Tom Sizemore, after suffering a brain aneurysm on February 18 and remaining in a coma since, died on Friday at 61.
The actor was known for playing tough guy roles, and appeared in several films now considered classics, most famously Saving Private Ryan in 1998.
Starting in 1989, Sizemore appeared in small roles in Born on the Fourth of July, directed by Oliver Stone, then two early movies by Kathryn Bigelow, Point Break and Blue Steel. Slowly, Sizemore worked his way into increasingly larger roles in Harley Davidson and the Marlboro Man, Passenger 57, True Romance, Natural Born Killers, and Devil In A Blue Dress.
Sizemore was born in Detroit and grew up watching movies with his mother. He was fascinated with Robert DeNiro’s role in Taxi Driver.
“I saw that movie every week for, like, two months when it was playing in the theater,” he said. “I saw it 11 weeks in a row. That’s when I first started thinking, ‘Whatever that is they’re doing up there, I want to be part of it. I want to do that.’ And I started to figure out how to become an actor.”
He eventually acted with his hero DeNiro in Heat.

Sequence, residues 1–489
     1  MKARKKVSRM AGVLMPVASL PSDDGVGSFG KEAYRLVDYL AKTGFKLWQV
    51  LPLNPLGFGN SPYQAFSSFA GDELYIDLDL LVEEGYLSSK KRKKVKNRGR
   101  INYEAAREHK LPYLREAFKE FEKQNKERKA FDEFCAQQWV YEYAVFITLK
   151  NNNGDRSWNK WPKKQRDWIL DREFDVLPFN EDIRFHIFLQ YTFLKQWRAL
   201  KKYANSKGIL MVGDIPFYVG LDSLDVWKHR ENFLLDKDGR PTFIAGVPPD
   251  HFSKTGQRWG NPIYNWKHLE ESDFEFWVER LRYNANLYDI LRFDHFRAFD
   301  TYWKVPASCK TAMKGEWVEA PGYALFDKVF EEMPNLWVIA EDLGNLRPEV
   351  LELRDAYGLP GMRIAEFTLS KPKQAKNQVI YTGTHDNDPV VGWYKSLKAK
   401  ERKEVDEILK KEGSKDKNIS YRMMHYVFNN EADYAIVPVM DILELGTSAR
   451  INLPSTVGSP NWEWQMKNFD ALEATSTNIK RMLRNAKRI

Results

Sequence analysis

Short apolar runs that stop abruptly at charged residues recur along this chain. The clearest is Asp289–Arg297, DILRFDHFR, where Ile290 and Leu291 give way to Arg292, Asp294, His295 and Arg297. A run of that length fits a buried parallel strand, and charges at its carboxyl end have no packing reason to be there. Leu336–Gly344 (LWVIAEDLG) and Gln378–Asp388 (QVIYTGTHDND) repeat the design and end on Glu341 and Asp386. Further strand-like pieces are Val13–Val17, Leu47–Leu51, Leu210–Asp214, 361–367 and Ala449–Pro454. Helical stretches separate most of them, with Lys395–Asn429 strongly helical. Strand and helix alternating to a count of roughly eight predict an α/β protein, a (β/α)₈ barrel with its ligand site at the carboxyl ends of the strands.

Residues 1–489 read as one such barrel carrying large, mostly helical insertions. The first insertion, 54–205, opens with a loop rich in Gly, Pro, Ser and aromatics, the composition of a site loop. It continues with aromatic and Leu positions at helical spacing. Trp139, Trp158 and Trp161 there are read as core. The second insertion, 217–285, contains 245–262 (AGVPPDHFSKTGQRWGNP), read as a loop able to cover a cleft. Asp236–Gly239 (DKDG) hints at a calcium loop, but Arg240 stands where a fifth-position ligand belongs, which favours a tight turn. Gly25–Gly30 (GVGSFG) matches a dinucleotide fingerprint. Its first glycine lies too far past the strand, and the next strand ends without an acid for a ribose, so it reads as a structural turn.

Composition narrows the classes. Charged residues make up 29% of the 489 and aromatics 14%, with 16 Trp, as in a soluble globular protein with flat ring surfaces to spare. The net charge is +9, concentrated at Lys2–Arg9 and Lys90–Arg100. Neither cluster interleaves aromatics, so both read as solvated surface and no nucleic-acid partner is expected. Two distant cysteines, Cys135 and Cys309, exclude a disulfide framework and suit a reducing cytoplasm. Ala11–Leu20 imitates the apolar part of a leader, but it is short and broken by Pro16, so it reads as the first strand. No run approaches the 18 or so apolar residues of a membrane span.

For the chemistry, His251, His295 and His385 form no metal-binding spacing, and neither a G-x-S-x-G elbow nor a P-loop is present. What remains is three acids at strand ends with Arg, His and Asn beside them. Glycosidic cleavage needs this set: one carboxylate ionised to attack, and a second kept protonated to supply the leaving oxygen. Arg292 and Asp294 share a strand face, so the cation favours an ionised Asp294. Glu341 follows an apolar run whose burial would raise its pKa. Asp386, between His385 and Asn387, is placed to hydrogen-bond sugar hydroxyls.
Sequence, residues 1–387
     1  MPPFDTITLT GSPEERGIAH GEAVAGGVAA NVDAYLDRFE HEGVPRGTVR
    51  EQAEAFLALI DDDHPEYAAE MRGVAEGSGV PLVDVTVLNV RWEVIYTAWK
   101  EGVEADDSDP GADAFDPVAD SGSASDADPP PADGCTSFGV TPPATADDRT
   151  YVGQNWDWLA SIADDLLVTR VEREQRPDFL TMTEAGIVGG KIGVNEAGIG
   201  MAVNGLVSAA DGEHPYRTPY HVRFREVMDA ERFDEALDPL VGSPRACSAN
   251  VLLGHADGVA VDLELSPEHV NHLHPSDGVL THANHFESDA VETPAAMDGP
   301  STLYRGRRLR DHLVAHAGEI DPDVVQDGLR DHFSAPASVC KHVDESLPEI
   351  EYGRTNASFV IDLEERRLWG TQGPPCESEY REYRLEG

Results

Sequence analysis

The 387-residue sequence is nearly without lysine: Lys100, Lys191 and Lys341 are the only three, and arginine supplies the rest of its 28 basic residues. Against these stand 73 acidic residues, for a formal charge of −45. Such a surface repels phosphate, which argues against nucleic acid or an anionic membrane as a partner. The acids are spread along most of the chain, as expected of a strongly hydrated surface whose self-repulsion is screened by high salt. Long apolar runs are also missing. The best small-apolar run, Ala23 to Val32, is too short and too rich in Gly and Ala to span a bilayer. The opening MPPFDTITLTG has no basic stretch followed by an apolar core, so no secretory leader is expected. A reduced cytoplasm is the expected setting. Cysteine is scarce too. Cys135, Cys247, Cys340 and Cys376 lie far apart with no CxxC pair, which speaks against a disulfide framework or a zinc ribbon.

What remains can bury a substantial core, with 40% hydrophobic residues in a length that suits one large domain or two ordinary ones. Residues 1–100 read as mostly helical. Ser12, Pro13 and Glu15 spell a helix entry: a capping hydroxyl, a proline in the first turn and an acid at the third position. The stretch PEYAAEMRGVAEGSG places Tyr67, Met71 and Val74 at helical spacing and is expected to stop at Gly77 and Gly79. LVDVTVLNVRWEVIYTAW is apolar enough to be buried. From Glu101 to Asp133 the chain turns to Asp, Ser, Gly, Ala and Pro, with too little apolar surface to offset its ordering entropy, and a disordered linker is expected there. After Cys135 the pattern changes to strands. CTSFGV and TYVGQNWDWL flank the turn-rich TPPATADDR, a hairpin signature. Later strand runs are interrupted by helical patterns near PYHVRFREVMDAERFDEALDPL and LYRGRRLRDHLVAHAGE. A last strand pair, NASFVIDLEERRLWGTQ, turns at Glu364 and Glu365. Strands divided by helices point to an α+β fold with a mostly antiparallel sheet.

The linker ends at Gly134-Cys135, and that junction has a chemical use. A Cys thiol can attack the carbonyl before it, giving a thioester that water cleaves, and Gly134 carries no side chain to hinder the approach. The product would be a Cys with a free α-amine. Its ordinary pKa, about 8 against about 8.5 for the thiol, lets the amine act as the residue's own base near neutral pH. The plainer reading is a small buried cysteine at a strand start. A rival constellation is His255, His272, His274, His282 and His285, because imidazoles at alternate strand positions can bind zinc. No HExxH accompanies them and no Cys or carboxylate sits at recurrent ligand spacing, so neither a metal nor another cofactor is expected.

But after a few more action flicks including Black Hawk Down and Pearl Harbor, life began to unravel for Sizemore.
He was convicted of assaulting his then-fiancée Heidi Fleiss, who had been known as the “Hollywood Madam,” in 2003. He was arrested multiple times for driving under the influence, possessing drugs and for domestic violence. And he allegedly behaved inappropriately with an 11-year-old girl on a film set, according to some cast and crew members, although the claim was dismissed in 2020.
He repeatedly tried to get clean, entering rehab nine times, and described his times of sobriety as his happiest.
By 2016, he was beginning to gain some respectability again, and appeared in streaming and TV shows Lucifer, Law & Order: Special Victims Unit, the Twin Peaks reboot and Cobra Kai.